Activity or Eternity?

NOTE: Will you take a minute after reading this post to hop over and leave a word of encouragement to our Proverbs 31 president Lysa TerKeurst? She is struggling with some permanent ringing in her ears and hearing loss. Prayers appreciated!


Love, love, LOVE reading your comments as we visit the topic of being overcommitted here this week.

One more day of why we do this to ourselves and then? How to stop!

My friend and accountability partner Mary has heard me vent about my over-crowded schedule over the years. Often after listening patiently, she will ask me this question: “Well, Karen. Is this for activity or eternity?”

Smart woman!

What she means is this—are you doing the task or signing up for the duty just to be “doing” something? Is it just an activity that will take up space in your week? In the light of eternity, is this important?

As I ask myself those questions, it helps to migrate my brain to the right answer.

And sometimes I will get a different answer for seemingly the same task. Let’s take baking cookies for someone. (I’m actually baking a few dozen today for a care package I’m mailing and a student teacher at my son’s school whose last day is today.)

Maybe I am asked to bake some for an annual bake sale. I have done it before. Many times. Often I have noticed that there are lots of leftovers that don’t get sold. And, I serve the organization year round in another capacity so I feel I’m doing more than my fair share.

I also notice there are parents who don’t help out during the year and never get called to bake cookies since the list fills ups with the “regulars” (Ever hear of the 80/20 rule? In any organization or church, 80% of the work is usually done by 20% of the people!)

So, my answer this year can be a sweet, “No.”

However, let’s take a different scenario. (A true one that happened to me recently)

A single mom moves into your neighborhood. Her kids are new to the school district. She has recently gone through an unwanted divorce. You drive by her house for a few days and see boxes stacked high in the garage. You aren’t sure if she knows anyone in the town yet.

Should you stop, even though your day is full, and whip up a batch of cookies to take over to her and her kiddos?

My answer was “yes”. I wanted to welcome her. I wasn’t sure if she knew anyone here or knew God loved her and had a plan for her life despite the tough place she was in.

I know it sounds trite but the ole’ WWJD? (what would Jesus do?) is a great question!

So, I stopped. I baked. I showed up. And, so did God.

Here I thought I would be a blessing to her, and instead, it has been the opposite!

I discovered she goes to my church (my church is very large with two services and I’ve only been there just under two years so I don’t always recognize everyone. She recognized me from being in some of the dramas.).

I also discovered that she has a son who is new to the 8th grade at the middle school this year. So was my son. They’ve become fast friends. And, I now have another mom to share rides with, if needed. (YAY!)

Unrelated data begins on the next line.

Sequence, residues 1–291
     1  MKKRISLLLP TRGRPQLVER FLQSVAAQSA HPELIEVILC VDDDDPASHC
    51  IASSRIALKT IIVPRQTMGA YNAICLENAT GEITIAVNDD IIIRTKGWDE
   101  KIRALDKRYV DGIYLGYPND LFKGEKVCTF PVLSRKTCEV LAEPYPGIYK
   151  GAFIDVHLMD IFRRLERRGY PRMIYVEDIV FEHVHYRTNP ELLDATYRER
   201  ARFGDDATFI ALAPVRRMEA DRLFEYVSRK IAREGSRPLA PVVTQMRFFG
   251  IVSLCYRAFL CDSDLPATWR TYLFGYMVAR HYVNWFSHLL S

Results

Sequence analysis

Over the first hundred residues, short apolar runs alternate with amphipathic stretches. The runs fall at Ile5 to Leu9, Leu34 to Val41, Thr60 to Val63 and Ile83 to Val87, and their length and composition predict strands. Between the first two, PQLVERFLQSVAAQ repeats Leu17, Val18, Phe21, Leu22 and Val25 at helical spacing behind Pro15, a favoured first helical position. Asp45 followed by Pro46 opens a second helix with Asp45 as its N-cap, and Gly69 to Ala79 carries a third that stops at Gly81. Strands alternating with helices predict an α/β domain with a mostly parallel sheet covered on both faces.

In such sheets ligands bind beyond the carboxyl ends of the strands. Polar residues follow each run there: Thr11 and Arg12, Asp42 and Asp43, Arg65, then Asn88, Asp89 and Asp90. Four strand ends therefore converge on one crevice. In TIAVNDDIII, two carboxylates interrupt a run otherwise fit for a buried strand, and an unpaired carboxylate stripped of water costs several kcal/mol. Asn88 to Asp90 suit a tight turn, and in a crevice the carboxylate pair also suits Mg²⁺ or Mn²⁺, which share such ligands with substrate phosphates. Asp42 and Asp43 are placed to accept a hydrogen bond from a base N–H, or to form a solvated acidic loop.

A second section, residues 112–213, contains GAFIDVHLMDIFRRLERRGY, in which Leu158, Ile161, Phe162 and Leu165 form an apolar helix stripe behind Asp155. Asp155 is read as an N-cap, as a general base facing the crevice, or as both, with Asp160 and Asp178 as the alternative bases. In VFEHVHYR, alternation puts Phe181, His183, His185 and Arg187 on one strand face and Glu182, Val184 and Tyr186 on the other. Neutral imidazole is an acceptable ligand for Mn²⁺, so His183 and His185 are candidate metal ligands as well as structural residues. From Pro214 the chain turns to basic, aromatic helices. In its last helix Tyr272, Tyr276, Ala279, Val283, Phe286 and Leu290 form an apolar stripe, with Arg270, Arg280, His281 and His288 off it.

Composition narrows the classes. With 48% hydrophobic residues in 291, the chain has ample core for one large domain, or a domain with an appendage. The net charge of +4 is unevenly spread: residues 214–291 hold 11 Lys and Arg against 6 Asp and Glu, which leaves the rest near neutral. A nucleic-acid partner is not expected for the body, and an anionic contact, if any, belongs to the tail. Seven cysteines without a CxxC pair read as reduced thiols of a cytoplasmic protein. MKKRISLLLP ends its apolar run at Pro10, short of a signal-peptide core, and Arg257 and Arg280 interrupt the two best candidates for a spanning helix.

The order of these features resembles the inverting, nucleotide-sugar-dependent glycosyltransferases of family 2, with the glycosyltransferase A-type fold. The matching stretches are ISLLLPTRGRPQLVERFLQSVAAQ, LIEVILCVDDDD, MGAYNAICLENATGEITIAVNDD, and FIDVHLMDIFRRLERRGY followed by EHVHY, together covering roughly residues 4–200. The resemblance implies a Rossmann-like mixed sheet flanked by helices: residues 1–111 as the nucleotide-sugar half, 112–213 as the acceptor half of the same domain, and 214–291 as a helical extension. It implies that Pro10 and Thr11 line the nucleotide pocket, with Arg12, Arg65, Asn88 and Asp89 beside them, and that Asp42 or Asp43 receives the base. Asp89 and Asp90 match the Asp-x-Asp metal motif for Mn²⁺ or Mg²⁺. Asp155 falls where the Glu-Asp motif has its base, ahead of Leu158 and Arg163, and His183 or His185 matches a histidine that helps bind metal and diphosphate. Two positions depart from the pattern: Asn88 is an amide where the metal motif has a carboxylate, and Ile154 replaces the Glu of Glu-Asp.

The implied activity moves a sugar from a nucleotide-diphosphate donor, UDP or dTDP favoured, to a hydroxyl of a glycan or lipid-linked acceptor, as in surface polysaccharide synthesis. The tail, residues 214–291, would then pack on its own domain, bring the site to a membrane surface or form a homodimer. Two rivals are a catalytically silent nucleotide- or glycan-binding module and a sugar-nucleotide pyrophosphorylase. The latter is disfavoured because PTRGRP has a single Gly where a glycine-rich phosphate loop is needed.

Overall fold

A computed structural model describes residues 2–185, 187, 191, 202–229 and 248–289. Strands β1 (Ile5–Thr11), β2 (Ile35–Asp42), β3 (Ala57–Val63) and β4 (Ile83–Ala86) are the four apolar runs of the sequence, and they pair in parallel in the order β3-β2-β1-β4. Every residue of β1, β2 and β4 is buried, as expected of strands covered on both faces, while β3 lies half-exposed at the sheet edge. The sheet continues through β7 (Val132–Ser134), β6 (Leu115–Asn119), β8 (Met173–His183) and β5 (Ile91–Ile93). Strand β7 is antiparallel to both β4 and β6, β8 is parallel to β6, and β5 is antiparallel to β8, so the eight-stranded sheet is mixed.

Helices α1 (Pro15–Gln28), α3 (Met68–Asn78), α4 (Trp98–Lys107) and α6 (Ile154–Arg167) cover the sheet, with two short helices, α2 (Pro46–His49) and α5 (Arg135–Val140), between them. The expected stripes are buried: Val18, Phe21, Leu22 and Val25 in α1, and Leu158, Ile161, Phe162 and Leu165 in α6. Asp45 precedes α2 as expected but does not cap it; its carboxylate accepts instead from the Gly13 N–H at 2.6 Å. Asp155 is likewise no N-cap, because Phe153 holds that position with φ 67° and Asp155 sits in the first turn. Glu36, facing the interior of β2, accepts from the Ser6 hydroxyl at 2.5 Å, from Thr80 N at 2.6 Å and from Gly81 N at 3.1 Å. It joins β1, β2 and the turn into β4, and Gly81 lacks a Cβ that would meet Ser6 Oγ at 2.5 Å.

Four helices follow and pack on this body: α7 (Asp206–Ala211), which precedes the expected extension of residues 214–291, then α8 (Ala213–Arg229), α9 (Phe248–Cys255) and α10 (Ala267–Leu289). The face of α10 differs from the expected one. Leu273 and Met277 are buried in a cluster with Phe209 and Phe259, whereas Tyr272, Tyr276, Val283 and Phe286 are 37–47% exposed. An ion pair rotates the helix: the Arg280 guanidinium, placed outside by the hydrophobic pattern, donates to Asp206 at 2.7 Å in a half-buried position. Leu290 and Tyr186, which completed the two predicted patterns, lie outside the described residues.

She is a sweet Christian who sends me scripture via text and just blesses my socks off!

This cookie-baking connection had eternal value! And it would have if all it had been was a simple gesture of love to a new neighbor too.

Activity for activity’s sake finds us doing too much. We need to stop “doing” and start “being”. I love what my friend Lisa said once, “We are human beings. Not human doings!”

The trouble is, we get our identity from the “doing”, don’t we? We get another hat to wear; a title; worth. It is just how our culture measures significance.

But, it is NOT how God measures it.

He cares much more about who we are becoming than what we are doing.

What do you think? Ever get caught in the “I am what I am doing” trap? How so? Are there any activities on your plate that aren’t for eternity and need to go? Why do we measure our worth based on what we do or what hats we wear?


  1. KAREN, cannot thank God enough for moving you to write about this topic this week. As I am slowly stripping away my commitments, I am left with a void. As this school year comes to a close, and sign ups for next school year comes my way, I can ask myself- “activity or eternity?” and remind myself that my kids or i do not have to be involved in something every single night of the week.
    God bless!!

  2. Karen, this was a great reminder, and what a great filter this is for filtering….Is this for activity or eternity. A couple of months ago i really started tuning into what God has for me, and not for myself. There was a point where my schedule was filled to the rim with a bunch of activities that was really not doing things for eternity and it wasn’t sitting right with me. I was left filling empty. Something was missing…….and that was my time with the Lord or doing things for him, and i was missing out on some amazing blessings. Since scaling back and realizing that eternity is far more important than activities I’ve been blessed beyond measure. He is revealing himself to me in a whole new way and I can hear him a lot better….and clearer because my focus is on Him and not activities. Activities can drown out the voice of the Lord if focused on it too much, rather than focus on what the lord should haveThank you for sharing this!

    God bless you sister!!

  3. I was so convicted by this message Karen thank you …I often have over filled my schedule for the sake of filling it up for activity to always be doing something rather then nothing!! What a great way to measure what we do by asking is what I am doing simply for activity or for ETERNITY??? AWESOME